Former longtime Brooklyn district attorney Charles Hynes is accused of misusing hundreds of thousands of dollars seized from criminal suspects to pay for a political consultant, according to a report by the city’s Department of Investigation.
The DOI report alleges Hynes may have engaged in crimes of official misconduct and larceny.
Hynes is also accused of using his office computer to send hundreds of campaign-related emails in the recent bitter campaign he lost to current Brooklyn District Attorney Ken Thompson.
The report also alleges that criminal court Judge Barry Kamins may have violated judicial ethics by actively advising Hynes in his campaign, including exchanging more than 300 emails with Hynes during the recent campaign.
The report detailing Hynes' alleged misuse of asset forfeiture funds has been referred to the state attorney general’s office for possible criminal investigation, sources familiar with the case tell NBC 4 New York.
Consultant Mortimer Matz billed $2,682 per week to the Kings County District Attorney’s office, the report said. Matz’s firm was paid more than $1.1 million out of state asset forfeiture funds from 2003 through 2013, the DOI report alleges.
Hynes declined comment except to say, "I will respond in the proper form." A call to his one-time campaign manager was not returned.
The DOI report said Hynes “extensively used” his office email “for purposes relating to his re-election campaign." DOI said Hynes was using his office computer to communicate with political consultants, and with Matz.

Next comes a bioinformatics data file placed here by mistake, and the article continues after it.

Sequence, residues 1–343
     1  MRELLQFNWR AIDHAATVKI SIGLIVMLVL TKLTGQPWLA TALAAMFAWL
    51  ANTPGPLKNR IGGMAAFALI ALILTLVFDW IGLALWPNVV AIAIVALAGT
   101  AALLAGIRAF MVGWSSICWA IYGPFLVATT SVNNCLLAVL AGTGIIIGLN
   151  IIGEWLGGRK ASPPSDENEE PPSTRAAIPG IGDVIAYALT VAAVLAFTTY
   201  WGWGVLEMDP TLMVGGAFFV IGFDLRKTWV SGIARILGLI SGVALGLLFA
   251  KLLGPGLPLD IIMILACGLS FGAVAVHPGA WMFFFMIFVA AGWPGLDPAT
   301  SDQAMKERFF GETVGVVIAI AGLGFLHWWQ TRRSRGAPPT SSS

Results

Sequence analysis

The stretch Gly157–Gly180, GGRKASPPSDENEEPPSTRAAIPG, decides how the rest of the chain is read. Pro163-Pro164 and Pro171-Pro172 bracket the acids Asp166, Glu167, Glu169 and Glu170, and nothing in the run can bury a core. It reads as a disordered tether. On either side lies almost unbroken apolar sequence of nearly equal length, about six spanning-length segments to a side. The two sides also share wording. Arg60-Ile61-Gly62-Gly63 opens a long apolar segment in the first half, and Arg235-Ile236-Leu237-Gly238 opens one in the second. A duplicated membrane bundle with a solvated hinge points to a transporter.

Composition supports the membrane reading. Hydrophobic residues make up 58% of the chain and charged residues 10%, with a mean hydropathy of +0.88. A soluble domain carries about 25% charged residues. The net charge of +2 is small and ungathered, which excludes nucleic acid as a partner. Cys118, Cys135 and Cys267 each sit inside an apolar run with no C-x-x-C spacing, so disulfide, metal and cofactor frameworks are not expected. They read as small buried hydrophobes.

Matz, a fixture at Hynes' official news conferences, declined to comment on the report.
DOI spokeswoman Diane Struzzi said the “report speaks for itself and we will have no further comment.”
The report details emails like one dated Oct. 15, 2012 where Hynes discusses the “June Primary" and one on Feb. 6, 2013 in which Hynes allegedly received an email discussing video opportunities for “Hynes Team!!! Victory."
The DOI report points out that it is a violation of the city charter to use city resources for any non-city purpose.
As for Kamins, the DOI report alleges the judge engaged in political activity while he was a sitting judge and used his office to try to advance Hynes’ political goals. Part of that effort included using his connections to the New York Law Journal to try to obtain positive media coverage for Hynes, the report alleges.
Rules of the chief administrative judge provide that judges should not engage in political activity.
A court spokesman said Kamins has been "relieved of all of his administrative duties both as overseeing policy and planning and in overseeing New York City's criminal courts."
Kamins is currently on annual leave, the spokesman said.
Kamins' attorney Paul Shectman did not immediately return phone calls.
-Andrew Siff contributed to this report
Below: Read the Department of Investigation's report